Germany has threatened to slap social media companies with huge fines if they do not act quickly enough to remove “hate speech” from their websites.
Chancellor Angela Merkel’s cabinet on Wednesday approved a measure that would fine websites like Facebook and Twitter up to $55 million if they do not do enough to censor comments that violate German speech law.
"Hate crimes that are not effectively combatted and prosecuted pose a great danger to the peaceful cohesion of a free, open and democratic society," said Merkel's government in a statement.
Germany outright bans any speech that overtly promotes racism or insults a certain segment of the population. It also, due to its Nazi past, bans public Holocaust denial.
The draft legislation would require social media companies to remove any illegal speech within 24 hours of it being flagged by users. Other offensive content would need to be removed within seven days of being reported and reviewed.
The German Federation of Journalists blasted the move and said the legislation would make it “difficult to reconcile freedom of the press and opinion.”
German Justice Minister Heiko Maas said the companies are responsible for policing and removing hateful content from their sites and that “there is no room for criminal incitement on social media.”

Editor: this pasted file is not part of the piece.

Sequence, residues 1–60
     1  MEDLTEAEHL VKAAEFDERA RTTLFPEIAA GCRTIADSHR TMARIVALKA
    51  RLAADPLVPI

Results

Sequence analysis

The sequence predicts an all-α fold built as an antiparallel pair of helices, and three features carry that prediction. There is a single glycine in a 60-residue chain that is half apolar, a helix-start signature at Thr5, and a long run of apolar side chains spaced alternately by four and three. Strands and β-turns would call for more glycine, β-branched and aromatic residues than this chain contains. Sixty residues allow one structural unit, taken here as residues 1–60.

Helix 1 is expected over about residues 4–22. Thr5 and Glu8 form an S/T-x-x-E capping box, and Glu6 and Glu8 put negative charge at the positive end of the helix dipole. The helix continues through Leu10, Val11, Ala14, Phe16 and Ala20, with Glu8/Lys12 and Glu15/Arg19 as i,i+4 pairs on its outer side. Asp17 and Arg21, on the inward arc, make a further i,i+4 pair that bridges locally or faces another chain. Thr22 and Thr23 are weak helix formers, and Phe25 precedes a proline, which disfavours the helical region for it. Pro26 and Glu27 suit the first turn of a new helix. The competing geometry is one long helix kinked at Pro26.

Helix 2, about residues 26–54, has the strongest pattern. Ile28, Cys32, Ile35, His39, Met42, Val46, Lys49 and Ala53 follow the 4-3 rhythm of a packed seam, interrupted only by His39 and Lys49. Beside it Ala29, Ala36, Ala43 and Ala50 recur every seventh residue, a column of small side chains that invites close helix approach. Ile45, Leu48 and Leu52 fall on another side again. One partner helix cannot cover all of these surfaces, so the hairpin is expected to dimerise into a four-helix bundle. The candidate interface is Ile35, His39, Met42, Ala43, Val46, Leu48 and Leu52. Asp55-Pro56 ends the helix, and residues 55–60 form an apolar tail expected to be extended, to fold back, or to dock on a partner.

“The internet affects the culture of debate and the atmosphere in our society. Verbal radicalization is often a preliminary stage to physical violence,” he added.
The massive flow of refugees into Germany over the past two years has fueled a rise in negative online comments, alarming German authorities. In 2015, the social media companies agreed to step up policing of online hate speech, though Maas said they have not done enough.
Mass cited research that claims Twitter removes just one percent of the illegal content flagged by users within 24 hours, while Facebook removes 39 percent. Facebook rejected Mass’s data, citing its own data that shows it removes about 65 percent of illegal content within a day.
German lawmaker Renate Kuenast called the fines “an invitation to not just erase real insults, but to wipe out almost everything for the sake of playing it safe.”
The bill still needs to be approved by parliament.